Exhibit (b): My new Samsung Galaxy tab, a Christmas present of sorts from Red Hat: Fresh out of the box(!), this cannot connect to my wifi (absolutely everything else can connect fine to this wifi). Support forums are full of people reporting the same thing, and everyone suggesting you reboot/reinstall/press some magic key sequence/etc. Where have I heard that story before?


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libguestfs 1.12.6 for Debian

Thanks to the tireless work of Hilko Bengen, libguestfs 1.12.6 is now available as an official Debian package.

Also, you can compile hivex on Mac OS X and Windows, thanks to Alex Nelson and Gillen Daniel respectively.

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Tip: Using a backing file to record file and registry changes, addendum

Part 1, part 2, and part 3

Inspired by the tricky and slow method to pull out file metadata that I showed in part 2 I added some features to virt-ls to make this much easier. These features are not yet in virt-ls. You will either have to apply this patch series or wait for libguestfs ≥ 1.11.9.

With the forthcoming virt-ls -lR option you will be able to extract the file metadata from a virtual machine easily. The output format is designed so that simple grep patterns can be used to detect interesting things in the output.

For example to display the names of all setuid and setgid files in the VM:

# virt-ls -lR -d guest / | grep '^- [42]'
- 4755      12544 /bin/cgexec -
- 4755      32448 /bin/fusermount -
- 4755      78648 /bin/mount -
- 4755      43160 /bin/ping -
- 4755      47888 /bin/ping6 -
- 4755      34904 /bin/su -
- 4755      50432 /bin/umount -

To display all public writable directories:

# virt-ls -lR -d guest / | grep '^d ...7'
d 1777      12288 /tmp -
d 1777       4096 /tmp/.ICE-unix -
d 1777       4096 /tmp/.X11-unix -
d 1777       4096 /var/tmp -

To display files larger than 10MB in home directories:

# virt-ls -lR -d guest /home | awk '$3 >= 10*1024*1024'

Find regular files modified in the last 24 hours:

# virt-ls -lR -d guest --time-days / |
    grep '^-' |
    awk '$6 < 1'
- 0600        138   0   0   0 /home/rjones/.Xauthority
- 0600         69   0   0   0 /root/.xauthsdYvWC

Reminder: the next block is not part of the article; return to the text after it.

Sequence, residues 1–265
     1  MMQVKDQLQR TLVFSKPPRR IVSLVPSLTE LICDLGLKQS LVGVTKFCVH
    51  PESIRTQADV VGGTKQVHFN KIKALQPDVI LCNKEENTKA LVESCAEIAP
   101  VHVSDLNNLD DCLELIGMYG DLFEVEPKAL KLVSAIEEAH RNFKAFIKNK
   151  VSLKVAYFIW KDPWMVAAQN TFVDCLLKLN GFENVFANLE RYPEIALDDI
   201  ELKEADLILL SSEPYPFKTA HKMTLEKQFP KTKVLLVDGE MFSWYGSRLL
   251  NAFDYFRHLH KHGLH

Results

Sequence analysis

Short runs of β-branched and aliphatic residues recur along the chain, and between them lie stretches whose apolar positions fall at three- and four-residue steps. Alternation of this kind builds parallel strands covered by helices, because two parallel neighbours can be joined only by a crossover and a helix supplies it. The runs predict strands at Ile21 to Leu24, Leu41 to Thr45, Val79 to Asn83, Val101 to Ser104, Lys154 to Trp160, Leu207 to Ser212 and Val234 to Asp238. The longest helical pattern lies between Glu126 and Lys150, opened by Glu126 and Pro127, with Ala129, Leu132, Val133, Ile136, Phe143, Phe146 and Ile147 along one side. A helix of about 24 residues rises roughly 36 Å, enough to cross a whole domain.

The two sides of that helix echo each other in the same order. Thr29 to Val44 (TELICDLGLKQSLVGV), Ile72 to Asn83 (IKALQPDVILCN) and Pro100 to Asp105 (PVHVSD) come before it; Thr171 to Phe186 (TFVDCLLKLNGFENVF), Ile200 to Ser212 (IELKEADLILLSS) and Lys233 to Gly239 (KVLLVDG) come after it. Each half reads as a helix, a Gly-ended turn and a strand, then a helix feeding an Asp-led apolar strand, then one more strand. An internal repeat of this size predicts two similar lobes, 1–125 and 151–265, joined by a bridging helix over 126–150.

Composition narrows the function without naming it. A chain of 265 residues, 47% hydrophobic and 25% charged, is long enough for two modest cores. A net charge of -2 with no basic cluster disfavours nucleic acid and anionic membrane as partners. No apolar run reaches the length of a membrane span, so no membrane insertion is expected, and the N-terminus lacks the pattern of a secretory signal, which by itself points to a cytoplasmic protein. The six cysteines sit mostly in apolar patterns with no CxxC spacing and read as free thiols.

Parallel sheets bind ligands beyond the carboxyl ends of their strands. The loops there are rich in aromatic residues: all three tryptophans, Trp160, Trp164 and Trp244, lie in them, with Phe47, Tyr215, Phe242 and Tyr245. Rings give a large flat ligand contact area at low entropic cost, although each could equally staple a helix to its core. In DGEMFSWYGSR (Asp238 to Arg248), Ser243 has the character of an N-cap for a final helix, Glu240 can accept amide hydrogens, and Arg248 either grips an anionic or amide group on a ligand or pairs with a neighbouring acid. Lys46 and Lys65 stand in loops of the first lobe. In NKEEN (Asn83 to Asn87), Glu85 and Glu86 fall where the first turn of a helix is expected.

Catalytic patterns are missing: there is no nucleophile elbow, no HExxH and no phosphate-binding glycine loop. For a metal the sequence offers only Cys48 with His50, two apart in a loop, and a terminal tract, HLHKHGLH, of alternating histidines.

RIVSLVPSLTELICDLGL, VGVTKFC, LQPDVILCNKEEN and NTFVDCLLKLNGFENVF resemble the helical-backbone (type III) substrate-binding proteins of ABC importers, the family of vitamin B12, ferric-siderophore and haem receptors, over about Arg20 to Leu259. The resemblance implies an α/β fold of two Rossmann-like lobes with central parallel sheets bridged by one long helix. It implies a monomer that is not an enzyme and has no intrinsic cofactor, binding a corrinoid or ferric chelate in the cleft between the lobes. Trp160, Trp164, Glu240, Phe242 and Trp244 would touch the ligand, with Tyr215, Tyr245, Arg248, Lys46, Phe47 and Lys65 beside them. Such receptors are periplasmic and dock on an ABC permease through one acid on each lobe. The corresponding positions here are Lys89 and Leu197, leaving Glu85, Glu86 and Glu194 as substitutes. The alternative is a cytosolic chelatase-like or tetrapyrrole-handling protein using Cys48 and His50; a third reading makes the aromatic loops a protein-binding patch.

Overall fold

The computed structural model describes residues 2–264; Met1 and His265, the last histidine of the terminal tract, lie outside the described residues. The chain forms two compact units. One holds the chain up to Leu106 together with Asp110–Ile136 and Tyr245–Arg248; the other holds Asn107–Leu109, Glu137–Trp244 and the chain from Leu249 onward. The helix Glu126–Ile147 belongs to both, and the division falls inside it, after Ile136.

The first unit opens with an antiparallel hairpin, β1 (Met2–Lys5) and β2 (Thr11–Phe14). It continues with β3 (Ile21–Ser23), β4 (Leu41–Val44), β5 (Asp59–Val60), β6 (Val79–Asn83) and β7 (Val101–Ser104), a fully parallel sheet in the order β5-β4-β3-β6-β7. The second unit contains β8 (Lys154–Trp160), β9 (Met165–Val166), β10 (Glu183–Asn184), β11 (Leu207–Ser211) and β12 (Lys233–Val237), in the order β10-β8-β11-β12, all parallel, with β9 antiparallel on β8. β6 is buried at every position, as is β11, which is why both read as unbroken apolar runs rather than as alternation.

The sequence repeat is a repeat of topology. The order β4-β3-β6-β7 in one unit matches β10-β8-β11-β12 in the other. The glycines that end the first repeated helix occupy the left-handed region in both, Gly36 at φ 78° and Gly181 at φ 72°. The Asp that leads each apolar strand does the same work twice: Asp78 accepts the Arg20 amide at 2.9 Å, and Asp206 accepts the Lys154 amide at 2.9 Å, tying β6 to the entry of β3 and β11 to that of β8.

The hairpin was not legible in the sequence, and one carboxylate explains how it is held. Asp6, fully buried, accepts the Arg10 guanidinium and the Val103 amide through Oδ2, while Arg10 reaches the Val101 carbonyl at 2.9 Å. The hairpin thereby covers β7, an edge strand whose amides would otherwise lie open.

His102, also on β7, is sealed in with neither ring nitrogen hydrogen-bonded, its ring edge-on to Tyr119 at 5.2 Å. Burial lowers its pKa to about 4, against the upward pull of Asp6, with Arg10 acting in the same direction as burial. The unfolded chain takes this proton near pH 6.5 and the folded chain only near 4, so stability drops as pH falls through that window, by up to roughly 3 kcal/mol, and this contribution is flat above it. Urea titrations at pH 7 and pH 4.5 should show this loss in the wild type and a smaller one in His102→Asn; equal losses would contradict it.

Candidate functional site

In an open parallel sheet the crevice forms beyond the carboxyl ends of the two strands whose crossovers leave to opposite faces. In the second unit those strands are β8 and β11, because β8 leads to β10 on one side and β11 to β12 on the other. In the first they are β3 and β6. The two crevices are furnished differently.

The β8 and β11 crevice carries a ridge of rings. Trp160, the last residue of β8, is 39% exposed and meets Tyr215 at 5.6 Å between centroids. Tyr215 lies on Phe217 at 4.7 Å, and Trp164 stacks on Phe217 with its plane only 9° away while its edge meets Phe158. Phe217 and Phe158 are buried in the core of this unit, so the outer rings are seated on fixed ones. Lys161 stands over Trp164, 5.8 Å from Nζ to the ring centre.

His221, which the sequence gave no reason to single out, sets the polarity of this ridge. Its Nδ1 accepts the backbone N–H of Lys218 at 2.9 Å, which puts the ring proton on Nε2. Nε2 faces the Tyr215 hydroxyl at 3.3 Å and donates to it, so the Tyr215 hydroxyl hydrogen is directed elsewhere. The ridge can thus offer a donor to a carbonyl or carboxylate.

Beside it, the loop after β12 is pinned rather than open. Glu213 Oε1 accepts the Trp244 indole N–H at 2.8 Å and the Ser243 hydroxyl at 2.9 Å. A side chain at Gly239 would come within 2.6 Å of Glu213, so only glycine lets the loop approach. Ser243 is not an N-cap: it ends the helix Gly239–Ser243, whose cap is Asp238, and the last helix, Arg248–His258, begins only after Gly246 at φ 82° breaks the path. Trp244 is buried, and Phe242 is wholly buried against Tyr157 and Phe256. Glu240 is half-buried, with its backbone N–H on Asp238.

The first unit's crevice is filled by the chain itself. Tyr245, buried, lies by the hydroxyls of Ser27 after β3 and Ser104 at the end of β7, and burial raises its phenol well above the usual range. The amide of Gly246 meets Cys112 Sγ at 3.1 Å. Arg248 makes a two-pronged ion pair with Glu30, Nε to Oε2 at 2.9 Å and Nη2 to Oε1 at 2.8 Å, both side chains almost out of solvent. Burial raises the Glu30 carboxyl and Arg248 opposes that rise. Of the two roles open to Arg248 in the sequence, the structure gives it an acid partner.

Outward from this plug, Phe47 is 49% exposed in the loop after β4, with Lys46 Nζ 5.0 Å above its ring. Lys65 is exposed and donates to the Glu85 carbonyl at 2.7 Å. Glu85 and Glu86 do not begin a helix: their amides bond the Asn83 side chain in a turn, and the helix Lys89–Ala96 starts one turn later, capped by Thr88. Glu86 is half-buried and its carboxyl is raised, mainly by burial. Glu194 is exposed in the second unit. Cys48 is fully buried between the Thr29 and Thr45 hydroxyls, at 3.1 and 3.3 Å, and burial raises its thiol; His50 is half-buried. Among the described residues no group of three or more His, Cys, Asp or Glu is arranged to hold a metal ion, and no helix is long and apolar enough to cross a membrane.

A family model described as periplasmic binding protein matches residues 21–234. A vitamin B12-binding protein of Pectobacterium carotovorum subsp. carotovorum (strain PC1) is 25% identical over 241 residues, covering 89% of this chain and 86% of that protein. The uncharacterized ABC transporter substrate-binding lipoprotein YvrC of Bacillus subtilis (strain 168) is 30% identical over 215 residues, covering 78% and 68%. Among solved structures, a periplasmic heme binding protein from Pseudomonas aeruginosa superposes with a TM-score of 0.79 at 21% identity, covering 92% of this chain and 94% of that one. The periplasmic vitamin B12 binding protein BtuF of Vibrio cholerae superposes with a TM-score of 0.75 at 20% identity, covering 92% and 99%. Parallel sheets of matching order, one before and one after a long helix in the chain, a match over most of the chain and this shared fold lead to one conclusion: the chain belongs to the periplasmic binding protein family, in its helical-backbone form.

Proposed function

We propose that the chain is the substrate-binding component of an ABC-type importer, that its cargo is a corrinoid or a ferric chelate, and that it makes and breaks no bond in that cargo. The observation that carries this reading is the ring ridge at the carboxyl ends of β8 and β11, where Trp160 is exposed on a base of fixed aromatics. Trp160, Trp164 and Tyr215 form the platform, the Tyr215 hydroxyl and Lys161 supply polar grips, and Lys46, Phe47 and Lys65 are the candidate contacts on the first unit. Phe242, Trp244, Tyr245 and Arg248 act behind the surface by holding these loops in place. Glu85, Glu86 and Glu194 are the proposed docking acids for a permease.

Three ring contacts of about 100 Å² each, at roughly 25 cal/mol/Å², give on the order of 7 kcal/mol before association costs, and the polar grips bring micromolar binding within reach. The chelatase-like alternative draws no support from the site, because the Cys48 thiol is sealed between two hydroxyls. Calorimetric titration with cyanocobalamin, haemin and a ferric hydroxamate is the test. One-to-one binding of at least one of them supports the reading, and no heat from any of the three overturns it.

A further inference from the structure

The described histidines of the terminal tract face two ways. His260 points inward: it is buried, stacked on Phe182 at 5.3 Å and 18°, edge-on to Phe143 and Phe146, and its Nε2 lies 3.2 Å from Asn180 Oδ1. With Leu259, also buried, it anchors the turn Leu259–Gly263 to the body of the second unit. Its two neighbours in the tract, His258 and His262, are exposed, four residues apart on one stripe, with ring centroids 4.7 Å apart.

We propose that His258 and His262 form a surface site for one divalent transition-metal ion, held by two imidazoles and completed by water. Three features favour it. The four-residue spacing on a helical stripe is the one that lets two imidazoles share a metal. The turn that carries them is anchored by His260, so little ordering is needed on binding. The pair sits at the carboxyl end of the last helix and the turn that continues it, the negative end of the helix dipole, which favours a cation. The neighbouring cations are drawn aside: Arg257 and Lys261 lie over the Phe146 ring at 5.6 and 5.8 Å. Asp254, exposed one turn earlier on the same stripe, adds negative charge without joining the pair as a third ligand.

- 0444         11   0   0   0 /tmp/.X0-lock

Also filesystem comparisons are made much simpler. So to display changes in files between a snapshot and the latest version of a VM you would simply do:

# virt-ls -lR -a snapshot.img / --uids --time-t --checksum > old
# virt-ls -lR -a current.img / --uids --time-t --checksum > new
# diff -u old new | less


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Tip: Using a backing file to record file and registry changes, part 3

In the first part I showed you that you can use libguestfs directly on QEMU snapshots and backing files, and this can be used to forensically look at changes made to virtual machines, eg. by installing new software. In the second part yesterday I showed you how to look for files that have changed.

Today we’ll look at differences in the Windows registry.

Although the Windows registry is stored in hive files, because these files are complex binary structures it makes sense to examine them at a higher level using a library like hivex, or the high level tool I wrote virt-win-reg.

Using virt-win-reg we can examine each hive that virt-win-reg supports separately, and use “diff” to list differences:

$ virt-win-reg backing.qcow2 'HKLM\SYSTEM' > system.without-chrome
$ virt-win-reg win7.qcow2 'HKLM\SYSTEM' > system.with-chrome
$ virt-win-reg backing.qcow2 'HKLM\SOFTWARE' > software.without-chrome
$ virt-win-reg win7.qcow2 'HKLM\SOFTWARE' > software.with-chrome

There were no significant changes to the HKEY_LOCAL_MACHINE\SYSTEM hive, but Chrome made many additions to the SOFTWARE hive, for example:

+@=str(1):"Chrome HTML Document"
+"URL Protocol"=str(1):""
+@=str(1):"\"C:\Users\rjones\AppData\Local\Google\Chrome\Application\chrome.exe\" -- \"%1\""

Note that you can make the output more readable by using the --unsafe-printable-strings option (but note that it’s called “unsafe” for a reason).

Chrome appears to have modified the list of CA certificates — should I be worried?

There is an addendum to this coming tomorrow morning.